38. Todd says:

    My favorite part is when the Russian lady who was BFF’s with the poor girl who got her tongue ripped out by the Yeti is speaking to them thru a translator, then forgets her stage directions and begins speaking in clear English.

    • Dan Schafer says:

      Todd – I suspect this elderly Russian lady had studied English but did not speak it well. She answered some questions in English out of politeness to the American investigator but delivered more comlpex thoughts in her native language. There’s really nothing unusual about that.

  39. Eric says:

    I tend to not believe anything I read and only half of what I see. I don’t believe in mermaids or Bigfoot. I watched both of these shows expecting to be entertained and not informed. My issue with this is the exploitation of those that died horrible and tragic deaths. They deserve better than that, someone with a forensic background should investigate this and not an outdoor enthusiast/adventurer.

  40. Perry says:

    I believe in bigfoot,Yeti could be all around the world. But I don’t believe in the Discovery channel anymore. If I want to see phony stuff I would watch the SYFY channel.

  41. Jacob Bohm says:

    Why don’t you do some reporting on the people and companies who produce this nonsense, instead of just watching television?

    I feel like your approach allows this to remain a cryptozoology story, rather than letting it be about about individuals cynically milking the dying corpse of a once-respected nonfiction brand.

    Someone is happily destroying the Discovery Channel for fun and profit. Isn’t that the story?

    • stan says:

      “Someone is happily destroying the Discovery Channel for fun and profit. Isn’t that the story?”

      exactly

  42. markx says:

    Eyes and tongue?

    Sounds to me like the work of crows. They do that to dead cattle and sheep, I’m not sure they would treat a human any different.

  43. Dave T. says:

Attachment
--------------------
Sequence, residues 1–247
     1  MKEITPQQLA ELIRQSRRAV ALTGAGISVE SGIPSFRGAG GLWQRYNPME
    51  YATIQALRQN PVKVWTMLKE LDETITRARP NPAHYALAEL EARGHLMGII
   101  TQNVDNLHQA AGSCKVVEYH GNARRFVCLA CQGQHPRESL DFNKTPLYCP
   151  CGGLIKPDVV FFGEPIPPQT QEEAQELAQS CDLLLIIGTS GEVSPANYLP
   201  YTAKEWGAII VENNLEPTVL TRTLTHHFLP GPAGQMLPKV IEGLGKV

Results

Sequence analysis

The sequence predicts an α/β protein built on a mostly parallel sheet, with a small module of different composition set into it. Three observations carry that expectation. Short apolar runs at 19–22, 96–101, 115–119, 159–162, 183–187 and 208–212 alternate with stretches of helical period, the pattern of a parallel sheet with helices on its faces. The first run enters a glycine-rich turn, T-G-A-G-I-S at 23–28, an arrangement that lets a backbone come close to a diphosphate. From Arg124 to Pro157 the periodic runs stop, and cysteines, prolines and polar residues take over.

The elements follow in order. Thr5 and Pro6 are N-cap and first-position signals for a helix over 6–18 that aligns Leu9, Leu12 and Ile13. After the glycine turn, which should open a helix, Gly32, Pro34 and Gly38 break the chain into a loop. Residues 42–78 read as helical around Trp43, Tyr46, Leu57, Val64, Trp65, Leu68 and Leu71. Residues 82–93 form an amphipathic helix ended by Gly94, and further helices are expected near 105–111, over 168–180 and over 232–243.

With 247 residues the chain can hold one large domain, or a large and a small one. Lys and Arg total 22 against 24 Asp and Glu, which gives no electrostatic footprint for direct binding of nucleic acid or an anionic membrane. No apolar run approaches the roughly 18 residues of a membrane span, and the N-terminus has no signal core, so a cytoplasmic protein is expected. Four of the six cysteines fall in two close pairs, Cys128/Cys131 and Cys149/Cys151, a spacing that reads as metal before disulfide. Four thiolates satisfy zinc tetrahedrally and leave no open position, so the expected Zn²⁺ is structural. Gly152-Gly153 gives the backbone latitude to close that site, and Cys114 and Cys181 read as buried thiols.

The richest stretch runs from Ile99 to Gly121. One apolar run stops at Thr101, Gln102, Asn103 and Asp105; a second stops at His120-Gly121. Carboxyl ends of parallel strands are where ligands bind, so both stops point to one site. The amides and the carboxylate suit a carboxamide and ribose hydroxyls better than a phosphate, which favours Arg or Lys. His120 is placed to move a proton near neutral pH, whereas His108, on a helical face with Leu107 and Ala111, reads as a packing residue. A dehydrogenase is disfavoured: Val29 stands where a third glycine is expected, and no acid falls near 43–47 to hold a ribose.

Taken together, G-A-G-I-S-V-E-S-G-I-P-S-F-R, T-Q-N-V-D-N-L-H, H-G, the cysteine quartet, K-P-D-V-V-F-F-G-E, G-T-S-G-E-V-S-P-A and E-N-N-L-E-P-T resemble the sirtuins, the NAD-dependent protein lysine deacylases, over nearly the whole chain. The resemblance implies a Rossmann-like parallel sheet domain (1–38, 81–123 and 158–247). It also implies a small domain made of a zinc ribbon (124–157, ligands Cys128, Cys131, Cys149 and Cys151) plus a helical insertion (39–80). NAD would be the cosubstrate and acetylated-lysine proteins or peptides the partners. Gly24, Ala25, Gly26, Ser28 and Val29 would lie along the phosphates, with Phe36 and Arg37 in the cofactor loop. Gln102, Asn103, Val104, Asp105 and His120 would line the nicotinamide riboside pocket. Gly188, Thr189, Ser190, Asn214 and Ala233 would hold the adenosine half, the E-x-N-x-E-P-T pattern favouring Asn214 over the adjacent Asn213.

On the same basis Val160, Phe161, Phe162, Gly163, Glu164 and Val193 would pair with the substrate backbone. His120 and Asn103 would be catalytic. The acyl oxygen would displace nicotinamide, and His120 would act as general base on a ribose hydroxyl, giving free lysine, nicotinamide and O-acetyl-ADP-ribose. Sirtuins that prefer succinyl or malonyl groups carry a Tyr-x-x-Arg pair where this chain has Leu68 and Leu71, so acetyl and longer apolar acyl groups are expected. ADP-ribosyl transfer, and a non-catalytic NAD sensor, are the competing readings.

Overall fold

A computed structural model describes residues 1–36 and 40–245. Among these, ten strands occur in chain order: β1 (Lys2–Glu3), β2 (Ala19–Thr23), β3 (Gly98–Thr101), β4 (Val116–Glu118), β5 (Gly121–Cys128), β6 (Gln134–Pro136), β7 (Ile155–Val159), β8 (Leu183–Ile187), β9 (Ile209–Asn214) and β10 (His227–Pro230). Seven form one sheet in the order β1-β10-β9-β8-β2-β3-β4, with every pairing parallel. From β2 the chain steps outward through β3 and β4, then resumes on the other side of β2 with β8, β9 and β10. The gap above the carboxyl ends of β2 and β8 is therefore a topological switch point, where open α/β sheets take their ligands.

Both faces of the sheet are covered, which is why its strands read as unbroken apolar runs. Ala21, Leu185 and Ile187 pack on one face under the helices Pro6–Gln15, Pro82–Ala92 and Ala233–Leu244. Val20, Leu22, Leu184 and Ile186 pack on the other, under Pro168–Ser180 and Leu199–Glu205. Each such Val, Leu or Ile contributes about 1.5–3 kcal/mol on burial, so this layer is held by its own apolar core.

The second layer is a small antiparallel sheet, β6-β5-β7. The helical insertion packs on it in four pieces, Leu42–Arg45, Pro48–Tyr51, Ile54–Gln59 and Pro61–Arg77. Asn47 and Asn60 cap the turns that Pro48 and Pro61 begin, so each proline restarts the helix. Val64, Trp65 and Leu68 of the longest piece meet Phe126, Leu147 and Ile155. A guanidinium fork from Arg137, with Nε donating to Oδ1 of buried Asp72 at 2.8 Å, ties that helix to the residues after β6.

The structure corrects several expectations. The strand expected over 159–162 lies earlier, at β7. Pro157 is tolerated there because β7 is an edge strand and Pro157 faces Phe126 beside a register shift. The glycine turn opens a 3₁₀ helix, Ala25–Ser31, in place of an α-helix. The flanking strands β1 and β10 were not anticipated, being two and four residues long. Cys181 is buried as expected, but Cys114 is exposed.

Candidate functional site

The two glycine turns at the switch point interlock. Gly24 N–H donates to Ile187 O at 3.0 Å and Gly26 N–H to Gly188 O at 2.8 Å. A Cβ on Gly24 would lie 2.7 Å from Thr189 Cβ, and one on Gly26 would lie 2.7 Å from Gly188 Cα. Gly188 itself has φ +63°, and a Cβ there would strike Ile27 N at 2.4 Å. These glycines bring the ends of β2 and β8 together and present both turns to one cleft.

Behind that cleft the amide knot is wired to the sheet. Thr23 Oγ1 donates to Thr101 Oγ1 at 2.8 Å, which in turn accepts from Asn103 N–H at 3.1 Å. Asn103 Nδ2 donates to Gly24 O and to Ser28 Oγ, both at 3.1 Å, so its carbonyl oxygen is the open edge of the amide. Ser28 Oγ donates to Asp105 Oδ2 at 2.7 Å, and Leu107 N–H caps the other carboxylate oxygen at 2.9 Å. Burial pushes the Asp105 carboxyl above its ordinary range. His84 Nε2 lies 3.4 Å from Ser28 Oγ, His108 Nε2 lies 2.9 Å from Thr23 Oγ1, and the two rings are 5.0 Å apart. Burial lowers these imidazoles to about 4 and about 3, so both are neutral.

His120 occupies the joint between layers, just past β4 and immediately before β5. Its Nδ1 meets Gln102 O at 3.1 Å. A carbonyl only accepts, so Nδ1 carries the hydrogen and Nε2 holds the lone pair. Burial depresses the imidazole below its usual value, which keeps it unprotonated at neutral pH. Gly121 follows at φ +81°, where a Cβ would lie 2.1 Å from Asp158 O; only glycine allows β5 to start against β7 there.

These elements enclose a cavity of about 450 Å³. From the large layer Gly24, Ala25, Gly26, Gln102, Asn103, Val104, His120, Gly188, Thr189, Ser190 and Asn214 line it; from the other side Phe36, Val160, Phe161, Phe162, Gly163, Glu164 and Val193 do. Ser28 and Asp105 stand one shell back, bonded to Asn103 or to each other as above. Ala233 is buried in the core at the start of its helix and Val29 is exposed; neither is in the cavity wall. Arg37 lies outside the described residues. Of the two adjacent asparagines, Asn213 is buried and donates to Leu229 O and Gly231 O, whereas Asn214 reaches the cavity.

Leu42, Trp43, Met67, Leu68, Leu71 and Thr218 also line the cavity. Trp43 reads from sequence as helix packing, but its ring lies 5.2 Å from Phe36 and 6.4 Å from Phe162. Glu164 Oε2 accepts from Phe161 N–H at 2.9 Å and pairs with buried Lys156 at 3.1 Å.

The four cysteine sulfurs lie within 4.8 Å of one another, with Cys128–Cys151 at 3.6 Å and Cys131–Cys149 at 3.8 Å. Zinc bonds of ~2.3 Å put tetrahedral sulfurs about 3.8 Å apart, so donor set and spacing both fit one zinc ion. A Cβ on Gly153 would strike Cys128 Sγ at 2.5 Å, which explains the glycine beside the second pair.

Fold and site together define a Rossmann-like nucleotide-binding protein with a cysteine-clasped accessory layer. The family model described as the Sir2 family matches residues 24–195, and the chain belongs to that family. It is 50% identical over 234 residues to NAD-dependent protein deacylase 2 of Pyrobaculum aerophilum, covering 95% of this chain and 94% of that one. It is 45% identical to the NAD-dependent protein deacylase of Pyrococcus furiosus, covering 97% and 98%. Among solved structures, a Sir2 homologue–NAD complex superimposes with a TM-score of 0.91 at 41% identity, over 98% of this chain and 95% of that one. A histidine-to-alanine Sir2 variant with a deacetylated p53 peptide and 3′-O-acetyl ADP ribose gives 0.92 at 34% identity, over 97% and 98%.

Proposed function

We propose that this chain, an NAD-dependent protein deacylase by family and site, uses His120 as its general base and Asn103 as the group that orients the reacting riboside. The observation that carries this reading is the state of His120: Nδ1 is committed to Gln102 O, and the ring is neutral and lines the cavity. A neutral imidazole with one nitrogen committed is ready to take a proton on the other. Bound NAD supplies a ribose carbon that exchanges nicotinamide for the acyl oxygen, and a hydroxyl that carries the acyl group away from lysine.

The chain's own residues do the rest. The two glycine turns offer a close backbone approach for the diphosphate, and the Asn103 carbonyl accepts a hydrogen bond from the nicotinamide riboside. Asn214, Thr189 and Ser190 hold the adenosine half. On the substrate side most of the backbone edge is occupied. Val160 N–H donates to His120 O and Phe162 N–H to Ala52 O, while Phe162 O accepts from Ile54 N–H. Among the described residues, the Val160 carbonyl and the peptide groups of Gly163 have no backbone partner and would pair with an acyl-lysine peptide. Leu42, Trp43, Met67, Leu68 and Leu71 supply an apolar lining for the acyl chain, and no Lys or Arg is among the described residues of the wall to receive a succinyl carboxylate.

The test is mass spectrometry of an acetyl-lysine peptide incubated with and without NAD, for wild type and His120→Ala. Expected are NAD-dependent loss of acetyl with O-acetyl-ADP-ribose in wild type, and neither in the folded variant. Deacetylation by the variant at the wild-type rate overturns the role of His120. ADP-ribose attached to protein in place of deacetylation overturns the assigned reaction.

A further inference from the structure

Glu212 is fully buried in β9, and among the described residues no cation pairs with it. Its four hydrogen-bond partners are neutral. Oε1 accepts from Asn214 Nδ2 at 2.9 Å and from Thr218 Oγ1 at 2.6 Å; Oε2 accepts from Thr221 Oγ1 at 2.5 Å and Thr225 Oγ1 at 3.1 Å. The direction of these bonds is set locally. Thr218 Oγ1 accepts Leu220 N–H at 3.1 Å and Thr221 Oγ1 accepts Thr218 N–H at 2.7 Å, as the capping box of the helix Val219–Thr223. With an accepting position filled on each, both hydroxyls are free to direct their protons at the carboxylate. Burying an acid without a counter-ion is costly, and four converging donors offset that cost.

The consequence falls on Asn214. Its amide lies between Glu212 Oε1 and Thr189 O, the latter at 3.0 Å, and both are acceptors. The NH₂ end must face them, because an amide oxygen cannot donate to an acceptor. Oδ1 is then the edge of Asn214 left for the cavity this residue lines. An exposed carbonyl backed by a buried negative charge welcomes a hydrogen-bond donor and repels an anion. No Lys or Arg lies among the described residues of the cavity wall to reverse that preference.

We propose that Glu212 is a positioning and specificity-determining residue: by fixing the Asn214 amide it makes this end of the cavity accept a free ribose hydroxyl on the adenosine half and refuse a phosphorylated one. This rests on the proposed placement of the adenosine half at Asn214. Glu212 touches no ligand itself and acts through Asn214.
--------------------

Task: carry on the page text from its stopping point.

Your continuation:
This program was absurd in the extreme. The clown that said we were uneducated because we were critical without the benefit of science is an idiot. where was the scientific process in the investigator’s work? There was none, because it was all a mockumentary. One blurry 1959 photo of what looked like a guy in a parka is the best they have? Never heard of trail cams? maybe a dozen in the yeti home cave? this was as crass and fake as it gets. “Discovery” Channel should be ashamed of themselves. They should change their name to “Deception” channel.

    • stan says:

      I agree completely, I’m not watching discovery anymore, I’m done with it all actually, it’s all mtv now, it’s disgusting and immoral, insulting to anyone with a brain, right up there with animal planet mermaids, history channels ax men, and tlc’s toddlers in tiaras

  44. St Kos says:

    I would advise anyone interested in the Dyatlov Pass Incident to go to this page:

    http://www.aquiziam.com/dyatlov_pass_1.html

    There are four pages of great, factual information on this mystery. Very well documented and put together.

  45. Teresa Boswell says:

    i’m done with the discovery channel. the b.s. they have been putting on tv tells me that they would rather make stuff than do any real investigative work. this is as bad if not worse than that bigfoot crap with the 4 clowns talking with a bunch of town nit wits and then going to woods making stupid noises and getting responses back saying thats definitely a bigfoot. who says do they know bigfoot is he there friend does live close by or is it the big clown who kinda looks like he could be bigfoot. stop showing us crap and bring something we can enjoy for change.

  46. spaceycasey says:

    Why was the writing on the negatives in english? Wow, discovery…

  47. spaceycasey says:

    Oh yes and what about the eyewitness accounts of a bright red ball of light over the mountain as well as the other major traumas (they focused just on a tongue missing) found on the bodies of the victums?

  48. dave says:

    very interesting show. i believe in no other monsters or creatures besides bigfoots. i agree that though all of these years there should be clear video or hd trailcams witnessing this creature. however there is hair evidence of this creature thousands of sightings from people worldwide, and footprints as too. the hair has been tested and is classified as unknown primate,the dna is nothing seen before, most governments have Bigfoots listed as an actual creatures.I wouldn’t be surprised if governments worldwide actually monitor these creatures and remove their bodies once they pass to keep away from the public. I actually live in Atlanta and I have heard the same strange screeching yell when I was young playing paintball in the woods. All humans have the sense of if something is watching them and Ive had that feeling many times when in the woods but only during certain times when tree branches crackle, leaves rustle, and pine cones dropping out of trees. The Gov hides a lot of information from its people but def they know and they are def involved with these creatures. I do think these monster shows are bs though.

  49. ReverandB says: